I saw Moon of the Wolf when it first aired and haven't seen it since; my memories are pretty hazy and mostly involve the steamy, backwater bayou atmosphere and the fact that it was the first place I encountered the term loup garou -- the French term for "werewolf." But the Rodanthes live in a mansion and I can easily imagine that the film's climax involves Louise being pursued through the Rodanthe mansion.

Can anyone contribute more?

Send your movie questions to FlickChick.

Question: I'm hoping you can help me track down a movie I saw on TV as a child in the 1980s; it may have been made for TV, but I'm not sure. It was about a boy who encounters the ghost of a girl and the only things I remember are a creepy scene where he sees a little glow in the barn's attic window and the climax, which takes place in a mausoleum.

The song "Frere Jacques" was played throughout the movie, I think sung by the little girl ghost(creepy!!). I loved this movie as a child and would love to see it again. Do you have any idea what it might be? -- Susan


FlickChick: I do: Child of Glass (1978). Coincidentally it, like Mr. Boogedy, was a Disney TV production.

The Armsworth family moves into a Louisiana mansion (another coincidence -- bayou creepiness a la Moon of the Wolf) and young Alex (future Knots Landing regular Steve Shaw) begins seeing the ghost of a young creole girl named Inez (Olivia Barash), who sings " Frere Jacques" and is looking for her "child of glass."

Here's a Child of Glass clip featuring Inez singing " Frere Jacques:"



Alex and local girl Blossom Culp discover that Inez was murdered by pirates and cursed to remain trapped at the place of her death; Alex and Blossom race to figure out how to free her spirit, which involves, among other things, finding the child of glass -- Inez's beloved doll.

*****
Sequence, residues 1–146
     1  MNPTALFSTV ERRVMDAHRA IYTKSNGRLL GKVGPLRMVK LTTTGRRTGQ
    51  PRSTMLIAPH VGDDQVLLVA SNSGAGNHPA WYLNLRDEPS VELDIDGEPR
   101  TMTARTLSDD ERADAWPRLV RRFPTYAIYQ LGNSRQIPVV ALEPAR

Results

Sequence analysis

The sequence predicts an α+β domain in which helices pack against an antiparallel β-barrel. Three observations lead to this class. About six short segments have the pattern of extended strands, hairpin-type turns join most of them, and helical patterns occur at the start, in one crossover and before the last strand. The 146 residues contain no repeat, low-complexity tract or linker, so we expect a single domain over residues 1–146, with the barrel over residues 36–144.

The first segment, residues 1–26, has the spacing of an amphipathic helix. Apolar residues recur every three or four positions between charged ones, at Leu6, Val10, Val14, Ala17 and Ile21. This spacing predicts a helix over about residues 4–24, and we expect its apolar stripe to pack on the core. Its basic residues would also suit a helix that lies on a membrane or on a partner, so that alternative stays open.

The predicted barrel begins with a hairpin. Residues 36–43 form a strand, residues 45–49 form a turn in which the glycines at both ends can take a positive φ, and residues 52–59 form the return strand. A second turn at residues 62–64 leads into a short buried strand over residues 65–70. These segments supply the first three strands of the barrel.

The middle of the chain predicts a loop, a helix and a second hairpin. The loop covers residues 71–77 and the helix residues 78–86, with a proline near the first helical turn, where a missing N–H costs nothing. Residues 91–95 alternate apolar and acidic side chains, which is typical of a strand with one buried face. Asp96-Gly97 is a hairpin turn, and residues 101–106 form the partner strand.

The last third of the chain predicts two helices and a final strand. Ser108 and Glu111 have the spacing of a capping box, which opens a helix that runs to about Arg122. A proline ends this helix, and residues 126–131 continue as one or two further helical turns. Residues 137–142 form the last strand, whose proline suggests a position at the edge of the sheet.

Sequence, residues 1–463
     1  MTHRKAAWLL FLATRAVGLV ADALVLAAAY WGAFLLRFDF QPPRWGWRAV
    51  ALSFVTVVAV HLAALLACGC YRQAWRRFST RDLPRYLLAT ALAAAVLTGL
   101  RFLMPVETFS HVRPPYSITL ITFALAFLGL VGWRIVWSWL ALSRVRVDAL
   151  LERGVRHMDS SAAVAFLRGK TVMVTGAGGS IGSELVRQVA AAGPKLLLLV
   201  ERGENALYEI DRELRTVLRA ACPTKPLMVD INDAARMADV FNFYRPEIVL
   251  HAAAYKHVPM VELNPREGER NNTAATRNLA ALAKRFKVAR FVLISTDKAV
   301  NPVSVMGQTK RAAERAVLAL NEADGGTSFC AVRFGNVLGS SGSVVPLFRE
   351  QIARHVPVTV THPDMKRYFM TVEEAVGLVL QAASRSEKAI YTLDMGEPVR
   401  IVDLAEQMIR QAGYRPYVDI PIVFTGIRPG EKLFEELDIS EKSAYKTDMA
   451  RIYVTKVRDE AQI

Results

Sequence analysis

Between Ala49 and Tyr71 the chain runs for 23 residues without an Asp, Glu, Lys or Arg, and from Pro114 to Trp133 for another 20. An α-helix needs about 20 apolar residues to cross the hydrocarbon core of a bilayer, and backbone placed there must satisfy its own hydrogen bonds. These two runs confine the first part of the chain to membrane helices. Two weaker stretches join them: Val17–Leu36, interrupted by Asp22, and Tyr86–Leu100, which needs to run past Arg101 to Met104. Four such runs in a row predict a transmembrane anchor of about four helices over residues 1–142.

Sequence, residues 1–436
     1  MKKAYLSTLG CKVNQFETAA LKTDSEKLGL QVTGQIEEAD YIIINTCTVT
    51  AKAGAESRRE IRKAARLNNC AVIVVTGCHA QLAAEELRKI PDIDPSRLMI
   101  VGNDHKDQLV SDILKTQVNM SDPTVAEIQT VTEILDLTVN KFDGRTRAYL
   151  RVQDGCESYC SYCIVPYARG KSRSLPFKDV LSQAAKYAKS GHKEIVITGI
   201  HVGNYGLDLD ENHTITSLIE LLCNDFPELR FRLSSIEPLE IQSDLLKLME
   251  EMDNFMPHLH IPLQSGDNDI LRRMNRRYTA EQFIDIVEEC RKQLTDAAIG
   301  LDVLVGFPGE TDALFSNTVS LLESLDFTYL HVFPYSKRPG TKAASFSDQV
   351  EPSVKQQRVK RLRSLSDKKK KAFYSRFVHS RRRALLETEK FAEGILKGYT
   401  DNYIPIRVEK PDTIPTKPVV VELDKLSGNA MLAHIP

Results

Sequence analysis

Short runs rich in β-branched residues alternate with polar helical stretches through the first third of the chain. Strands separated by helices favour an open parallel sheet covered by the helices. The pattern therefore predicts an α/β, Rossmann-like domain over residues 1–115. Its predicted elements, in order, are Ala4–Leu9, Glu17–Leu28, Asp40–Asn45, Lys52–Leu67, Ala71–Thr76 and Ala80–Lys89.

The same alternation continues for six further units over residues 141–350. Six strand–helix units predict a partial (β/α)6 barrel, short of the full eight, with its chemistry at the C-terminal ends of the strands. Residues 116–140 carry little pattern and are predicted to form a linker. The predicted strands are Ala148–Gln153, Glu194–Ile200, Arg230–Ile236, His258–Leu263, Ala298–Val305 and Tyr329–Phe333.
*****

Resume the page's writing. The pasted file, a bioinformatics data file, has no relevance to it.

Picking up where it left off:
Based on young-adult novel The Ghost Belonged to Me -- first in a series featuring Blossom Culp -- by Newbery Medal-winner Richard Peck, Child of Glass made a lasting impression on a generation of Disney-raised kids. Like the Boogedy movies, it came out on VHS from Walt Disney Home Video and is out of print (it was issued in 1987!), but has never been on DVD.

Send your movie questions to FlickChick.

Question: I watched a movie a couple of weeks ago and can't remember the title or figure out what channel I saw it on.

It was about a supermodel who meets a taxi driver and ends up having an affair with him. That's the best I can do -- I don't even remember the names of the actors. Can you help me? Thank you for your time -- Rick


FlickChick: That sounds to me like Fall (1997), written, directed by and starring Eric Schaeffer -- he played the cab driver, Michael. Supermodel Sarah is UK-born Amanda De Cadenet, best known for marrying Duran Duran bass player John Taylor and hanging around with Courtney Love.

The complication is that Sarah is already married to hunky fellow model Phillipe (Rudolf Martin, probably best know for playing Dracula on an episode of Buffy the Vampire Slayer), who's in Madrid for a couple of months. Will Sarah choose the schlubby but soulful cabbie or her smoking-hot hubbie?

Send your movie questions to FlickChick.